POSTED ON JANUARY 25, 2012:
Consequences of Convenience
Legislation to allow wine in grocery stores not as simple as it looks at first blush
In the past year, legislation to allow wine and stronger beer to be sold in grocery stores has been noisily wending its way through the state legislature. The pros and cons have been dissected, rehashed and analyzed by state senators and casual consumers alike.
The vote seems simple: give us our booze already. Many Okies want easier, more convenient access to a selection of wines and beers at our local grocery store or convenience stores.
But it's not as simple as it looks at first blush (rosé?).
Mary Stewart is quick to answer the phone at Ranch Acres Wine & Spirits, where she's been the owner and operator for 30 years. Ranch Acres, 3324 E. 31st St., opened its doors in 1959, the same year the Oklahoma constitution was changed to allow sole proprietors to start their own retail liquor businesses.
Changing Oklahoma's liquor laws "is not as easy as just passing one piece of legislation," Stewart said.
"Quite a few of Oklahoma's liquor laws are included in the constitution," she said.
Stewart wasn't sure what might happen if legislation allowing wine and beer in grocery and convenience stores passed. "It depends on how it's passed and they're going to have to change regulations, which will be a long process anyway."
Even if there's an amendment to Oklahoma's constitution and laws change, it may take years before you see a selection of wines and beers in your local Reasor's or QuikTrip. Stewart thinks any changes will probably "hurt the smaller stores more and grocery stores won't carry the same number of [beers, wines and spirits] that liquor stores do," she said.
Bigger chain stores may buy certain items in bulk, which would lower prices but also limit selection. Big box stores "buy huge quantities of certain things to get that item down really low," she said. And mom and pop liquor stores can't compete with bulk pricing though their selections may always be more diverse.
She's also concerned that rules and regulations that apply to small liquor stores may not apply to grocery or convenience stores. "We can't have any refrigeration, we have to be closed on certain holidays," Stewart said. "It would be so unfair to allow that in another setting."
Currently, cash registers in grocery stores like Reasor's won't allow sale of 3.2-point beer between the hours of 2 and 6am.
At the heart of Stewart's concern is also at the heart of the Oklahoma way: that of small business owners. About 82 percent of Oklahoma's businesses are small, local businesses.
Under current regulation, you must be a sole proprietor of only one liquor store and an Oklahoma resident for 10 years before you can get a retail liquor license.
"I would hate to see us that have done business for so long be completely ignored," she said.
We "funnel our money right back into the community too," she added. "We have put all of our tax dollars into this business, and we keep our money in the state."
A Sense of Place
Don Neal accidentally fell into the winemaking business. After retirement, he had a dreamy, relaxed ideal of what owning a vineyard would be like. After a hell-bent tornado blew through Stroud in 1999, Neal and his wife Annetta fixed their house up again and bought the piece of abandoned land next door.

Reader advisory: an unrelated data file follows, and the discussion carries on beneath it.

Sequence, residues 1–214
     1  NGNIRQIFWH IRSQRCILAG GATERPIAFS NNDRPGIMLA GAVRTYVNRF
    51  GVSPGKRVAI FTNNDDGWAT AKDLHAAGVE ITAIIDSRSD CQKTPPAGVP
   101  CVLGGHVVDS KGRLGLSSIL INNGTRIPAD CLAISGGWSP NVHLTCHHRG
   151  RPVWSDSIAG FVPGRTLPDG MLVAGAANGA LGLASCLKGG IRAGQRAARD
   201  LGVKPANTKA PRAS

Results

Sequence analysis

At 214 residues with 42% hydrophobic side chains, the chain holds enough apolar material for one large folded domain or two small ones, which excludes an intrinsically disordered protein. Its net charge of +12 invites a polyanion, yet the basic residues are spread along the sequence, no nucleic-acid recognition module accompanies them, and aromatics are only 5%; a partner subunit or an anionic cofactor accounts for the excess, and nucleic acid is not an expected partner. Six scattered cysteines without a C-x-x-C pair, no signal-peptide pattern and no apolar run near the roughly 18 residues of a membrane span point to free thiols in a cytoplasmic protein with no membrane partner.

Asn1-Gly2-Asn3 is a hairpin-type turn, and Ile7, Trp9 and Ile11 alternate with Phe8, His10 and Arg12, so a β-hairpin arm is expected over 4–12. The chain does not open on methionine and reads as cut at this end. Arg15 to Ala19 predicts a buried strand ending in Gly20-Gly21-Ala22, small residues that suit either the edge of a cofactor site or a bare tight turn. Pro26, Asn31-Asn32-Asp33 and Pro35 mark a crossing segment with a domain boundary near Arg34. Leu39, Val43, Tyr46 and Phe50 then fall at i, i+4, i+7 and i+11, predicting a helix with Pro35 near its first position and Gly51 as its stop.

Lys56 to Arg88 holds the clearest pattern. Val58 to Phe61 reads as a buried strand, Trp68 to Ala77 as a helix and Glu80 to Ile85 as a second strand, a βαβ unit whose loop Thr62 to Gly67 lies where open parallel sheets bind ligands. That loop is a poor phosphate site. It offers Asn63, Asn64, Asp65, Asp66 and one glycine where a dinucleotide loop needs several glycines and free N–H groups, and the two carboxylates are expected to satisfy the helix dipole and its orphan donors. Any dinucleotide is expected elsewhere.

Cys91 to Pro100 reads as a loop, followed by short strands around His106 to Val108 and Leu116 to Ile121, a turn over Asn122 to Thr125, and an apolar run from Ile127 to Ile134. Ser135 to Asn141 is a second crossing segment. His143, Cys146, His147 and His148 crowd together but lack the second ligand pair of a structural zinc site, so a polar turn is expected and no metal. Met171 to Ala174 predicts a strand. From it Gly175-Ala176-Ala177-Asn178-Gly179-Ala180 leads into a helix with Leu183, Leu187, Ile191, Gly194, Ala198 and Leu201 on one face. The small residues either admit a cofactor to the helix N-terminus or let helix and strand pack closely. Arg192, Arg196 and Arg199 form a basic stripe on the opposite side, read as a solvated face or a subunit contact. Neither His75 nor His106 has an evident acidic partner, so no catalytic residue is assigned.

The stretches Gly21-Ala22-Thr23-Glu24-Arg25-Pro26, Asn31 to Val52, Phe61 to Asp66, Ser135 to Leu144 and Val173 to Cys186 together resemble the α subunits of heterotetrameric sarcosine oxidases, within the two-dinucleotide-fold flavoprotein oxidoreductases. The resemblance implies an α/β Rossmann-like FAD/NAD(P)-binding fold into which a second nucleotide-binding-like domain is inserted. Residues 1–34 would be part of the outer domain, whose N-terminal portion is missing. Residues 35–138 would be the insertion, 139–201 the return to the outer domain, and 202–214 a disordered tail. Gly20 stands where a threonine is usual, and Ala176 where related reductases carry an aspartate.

He figured he'd plant 300 vines "just to relax," he laughed.
After three years, he and his wife had a big crop of Oklahoma grapes on their hands. Annetta went back to school to study the chemistry of winemaking, and they've been working and growing and bottling their very own Oklahoma wine ever since.
The Neals' winery, StableRidge, is right off Route 66 smack-dab in the middle between Oklahoma City and Tulsa. But you can find their selection of wines in liquor stores all over the state, including Tulsa.
For the Neals, the issue of allowing wine to be sold in grocery stores boils down to one of production. "We're not major producers like Gallo," Don said.
"We only have [a certain] amount of production. They allocate about a third of their wine inventory to wholesale, he said.
Oklahoma's first wine and liquor distributor is Jarboe Sales Company in Tulsa. As it stands now, Neal said, Jarboe sends him purchase orders for, say, three to 10 cases of wine at a time, whereas a big-box store may require more like 30 cases at a time.
"Where's the wine supposed to come from when demand increases?" Neal asked.
"There's only so much here, and we still have to take care of our mom and pop places. They've been good to us," he said.
Of small liquor stores, Neal said, "They brought us where we are now."
Aside from his loyalty to small retail liquor stores, Neal said another sticky issue is that of ownership. "The state law that we're operating under states that no entity can have two [retail liquor] licenses," Neal explained.
The 1959 laws governing proprietorship were designed to make sure liquor store owners are actual people who can be located and held accountable. "Everyone's overlooking the background" of the wine and beer legislation issue, Neal said.
When you add national chains and big box stores from out-of-state with multiple levels of management, things get a little cloudy.
A Strong Brew of Interests
During Oklahoma's hot and heavy Indian summer in September and October, a Joint Legislative Task Force met twice to discuss the possibility of changing Oklahoma's wine and beer legislation.
As far as task force meetings go, their Sept. 19 discussion was popular. Health and public safety officials, alcoholic beverage industry reps, convenience and grocery store owners, average Okies, and three Oklahoma State Senators and three Oklahoma State Representatives were all in attendance to give their opinions.
As Ranch Acres owner, Stewart, said, changing the way Oklahoma sells beer and wine isn't as easy as passing a simple law. The change would require tinkering with our state constitution, and possibly putting a few different issues to a popular vote.
The task force speculated on the possible economic and social effects of changing up our current rules.
At the task force meeting on Sept. 19, Edmond State Senator Clark Jolley (R) opened the meeting and stated that more than 300 pages of state law could be affected by allowing grocery stores to sell wine and beer.